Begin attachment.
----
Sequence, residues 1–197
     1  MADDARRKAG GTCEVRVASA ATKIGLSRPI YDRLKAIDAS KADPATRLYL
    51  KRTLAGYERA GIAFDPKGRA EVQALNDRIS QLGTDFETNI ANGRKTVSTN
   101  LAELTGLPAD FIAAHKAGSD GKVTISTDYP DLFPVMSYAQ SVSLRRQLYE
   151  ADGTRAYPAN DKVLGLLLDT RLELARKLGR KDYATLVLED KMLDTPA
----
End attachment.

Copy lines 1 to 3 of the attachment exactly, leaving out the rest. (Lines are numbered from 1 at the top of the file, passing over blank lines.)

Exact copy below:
Sequence, residues 1–197
     1  MADDARRKAG GTCEVRVASA ATKIGLSRPI YDRLKAIDAS KADPATRLYL
    51  KRTLAGYERA GIAFDPKGRA EVQALNDRIS QLGTDFETNI ANGRKTVSTN